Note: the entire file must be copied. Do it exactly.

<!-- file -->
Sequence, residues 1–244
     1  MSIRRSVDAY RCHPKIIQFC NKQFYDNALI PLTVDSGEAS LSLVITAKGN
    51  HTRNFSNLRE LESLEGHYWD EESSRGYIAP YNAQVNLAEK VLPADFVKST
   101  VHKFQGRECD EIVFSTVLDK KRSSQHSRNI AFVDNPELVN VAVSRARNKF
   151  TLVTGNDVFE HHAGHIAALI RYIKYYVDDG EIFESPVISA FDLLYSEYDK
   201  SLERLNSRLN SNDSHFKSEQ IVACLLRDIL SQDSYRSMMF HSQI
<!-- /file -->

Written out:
Sequence, residues 1–244
     1  MSIRRSVDAY RCHPKIIQFC NKQFYDNALI PLTVDSGEAS LSLVITAKGN
    51  HTRNFSNLRE LESLEGHYWD EESSRGYIAP YNAQVNLAEK VLPADFVKST
   101  VHKFQGRECD EIVFSTVLDK KRSSQHSRNI AFVDNPELVN VAVSRARNKF
   151  TLVTGNDVFE HHAGHIAALI RYIKYYVDDG EIFESPVISA FDLLYSEYDK
   201  SLERLNSRLN SNDSHFKSEQ IVACLLRDIL SQDSYRSMMF HSQI